15 Open Images
It’s possible to filter by license type (or usage rights) to search for OER using popular search engines and multimedia sites, such as Google, YouTube, and Flickr. There are also a growing number of digital collections dedicated to open images, videos, and other media.
Searching for images
- Go to Google Images
- Enter your search term, and click Search.
- On the results screen, click Tools below the search box.
- Select Labeled for Reuse in the Usage Rights drop-down menu.
- Search for images.
- Click on EACH IMAGE that you’d like to use.
- Click on the Visit Page button next to the image.
- You will need to skim the resulting page to find the license for the image. If it is on Flickr, it will be in the lower right-hand corner of the screen. Otherwise, skim the page for the words “license,” “Public Domain,” or “CC.” You may also see one or more of the Creative Commons symbols (for more on these, see our Copyright page on this guide).
- Search for your subject on Flickr.
- Click on the Any License drop-down menu.
- Select All Creative Commons to see images with a range of different permissions, or select the specific kind of permission you need. Select U.S. Government works for images in the public domain.
- Search for images, and click on the ones you want to use.
- License information will be in the lower right-hand corner of the screen.
- If the license is a Creative Commons license, like the one above, first find the name of the owner or artist (in Flickr this will be on the lower left-side of the screen).
- Then go back to the left-hand portion of the screen, where the license information is. Click on the link next to the Creative Commons symbols (it will say something like “Some Rights Reserved).
- You will be taken to a page which lists the terms of the license. In most cases it will require you to give credit to the owner of the image and to link to the terms of the license (the same page you should be on when reading the terms of the license).
Creative Commons Search
- Go to the Creative Commons Beta to search a wide range of open images, music, sound effects, and video.
- Pay attention to the options below the search box. You can choose to search for media that is legal to modify and reuse, or that is legal to use for commercial purposes. If you are looking for something to use in class, you should uncheck both of those options: they will make your pool of results a lot smaller.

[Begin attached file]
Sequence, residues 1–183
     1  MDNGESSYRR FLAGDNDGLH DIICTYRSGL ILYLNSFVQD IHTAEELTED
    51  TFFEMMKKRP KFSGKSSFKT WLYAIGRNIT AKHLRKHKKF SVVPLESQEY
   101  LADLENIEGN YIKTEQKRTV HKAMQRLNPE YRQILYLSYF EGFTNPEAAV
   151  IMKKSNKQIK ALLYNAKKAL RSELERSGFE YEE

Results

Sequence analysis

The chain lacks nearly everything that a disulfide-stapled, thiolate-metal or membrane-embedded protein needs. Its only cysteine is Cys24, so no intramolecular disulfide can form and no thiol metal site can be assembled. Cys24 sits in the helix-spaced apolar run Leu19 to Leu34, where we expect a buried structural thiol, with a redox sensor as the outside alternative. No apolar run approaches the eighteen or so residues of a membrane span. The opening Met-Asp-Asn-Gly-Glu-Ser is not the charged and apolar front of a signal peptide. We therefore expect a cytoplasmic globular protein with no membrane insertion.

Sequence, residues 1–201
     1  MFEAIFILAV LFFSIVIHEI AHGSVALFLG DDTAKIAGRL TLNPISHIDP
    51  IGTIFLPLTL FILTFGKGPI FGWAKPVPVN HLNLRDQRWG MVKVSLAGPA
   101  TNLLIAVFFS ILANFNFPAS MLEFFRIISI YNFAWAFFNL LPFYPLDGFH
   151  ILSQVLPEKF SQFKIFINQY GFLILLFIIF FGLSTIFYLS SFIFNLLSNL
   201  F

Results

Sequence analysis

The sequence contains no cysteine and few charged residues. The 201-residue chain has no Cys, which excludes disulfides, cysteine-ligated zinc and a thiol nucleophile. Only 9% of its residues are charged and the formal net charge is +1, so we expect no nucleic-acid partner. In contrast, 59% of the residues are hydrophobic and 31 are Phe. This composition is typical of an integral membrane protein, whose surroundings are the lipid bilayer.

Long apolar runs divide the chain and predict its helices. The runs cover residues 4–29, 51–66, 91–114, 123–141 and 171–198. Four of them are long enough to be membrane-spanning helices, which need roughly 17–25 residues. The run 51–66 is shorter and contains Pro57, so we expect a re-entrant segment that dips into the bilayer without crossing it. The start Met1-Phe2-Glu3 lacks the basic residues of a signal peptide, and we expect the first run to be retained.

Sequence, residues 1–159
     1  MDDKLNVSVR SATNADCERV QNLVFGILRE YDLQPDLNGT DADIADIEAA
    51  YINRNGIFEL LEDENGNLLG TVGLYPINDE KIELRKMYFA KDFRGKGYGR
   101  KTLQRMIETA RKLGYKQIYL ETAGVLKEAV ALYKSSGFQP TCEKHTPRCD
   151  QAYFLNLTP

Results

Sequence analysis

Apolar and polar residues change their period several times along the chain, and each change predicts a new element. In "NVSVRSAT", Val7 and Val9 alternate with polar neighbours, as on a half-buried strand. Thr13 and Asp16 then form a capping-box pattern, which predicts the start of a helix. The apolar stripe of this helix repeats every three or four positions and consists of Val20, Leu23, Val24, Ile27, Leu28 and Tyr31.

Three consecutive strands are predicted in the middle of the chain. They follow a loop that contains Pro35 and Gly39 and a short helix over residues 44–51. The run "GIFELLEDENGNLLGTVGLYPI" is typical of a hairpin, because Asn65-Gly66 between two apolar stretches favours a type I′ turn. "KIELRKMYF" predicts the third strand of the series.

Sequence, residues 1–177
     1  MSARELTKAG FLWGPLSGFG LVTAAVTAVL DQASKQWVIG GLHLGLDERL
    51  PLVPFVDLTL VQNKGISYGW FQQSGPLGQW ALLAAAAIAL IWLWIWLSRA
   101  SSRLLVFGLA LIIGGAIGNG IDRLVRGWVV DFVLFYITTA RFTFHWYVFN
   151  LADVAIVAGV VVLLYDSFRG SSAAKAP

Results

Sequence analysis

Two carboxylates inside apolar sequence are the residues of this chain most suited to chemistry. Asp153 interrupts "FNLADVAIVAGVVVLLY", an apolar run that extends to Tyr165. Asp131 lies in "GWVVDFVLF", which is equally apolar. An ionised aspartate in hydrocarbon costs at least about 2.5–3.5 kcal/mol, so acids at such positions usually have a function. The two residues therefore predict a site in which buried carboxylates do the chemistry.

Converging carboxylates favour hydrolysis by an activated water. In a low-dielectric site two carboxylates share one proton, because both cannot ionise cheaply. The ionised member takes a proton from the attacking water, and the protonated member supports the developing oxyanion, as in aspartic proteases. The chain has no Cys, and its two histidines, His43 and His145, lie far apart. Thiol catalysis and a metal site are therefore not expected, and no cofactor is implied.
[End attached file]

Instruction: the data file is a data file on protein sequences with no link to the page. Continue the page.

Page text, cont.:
- Select a site to search from (in the screenshot below you can see that we’ve selected Brooklyn Museum). The Creative Commons search does not actually curate images or any other kind of media–it searches your selected site for items in the public domain or under a Creative Commons license. You can always search these sites from their own interfaces, but the CC search may be better at searching for license information in some cases.
- Once you’ve found an image or video you’d like to use, you must examine it and determine what license it is under and what kind of reuse rights it allows. Click on the image and search the page for words like “license,” “public domain,” or “CC.” Remember that even if something is under a Creative Commons license, these licenses are not all the same. To understand what your responsibilities are when you use media that is under a Creative Commons license, see our Copyright page on this guide.
These image resources are created under either a completely unrestricted use license, or a Creative Commons Zero (CC0) license, meaning that you can download, use, manipulate, share, distribute, or otherwise use them for whatever purpose you’d like without permission. It is strongly recommended that you credit the creator(s) of the image, but it is not always a legal requirement.
Beautiful, high-resolution photographs of black and brown people, available under a Creative Commons Zero (CC0) license.
Beautiful, free photographs published on Unsplash for you to use for free. Can be used for commercial or noncommercial purposes.
Over 1.2 million images and videos, available for completely free use under Creative Commons Zero (CC0) license.
Content included in this guide has been reused with permission from MIT Libraries and UNC Health Sciences Library.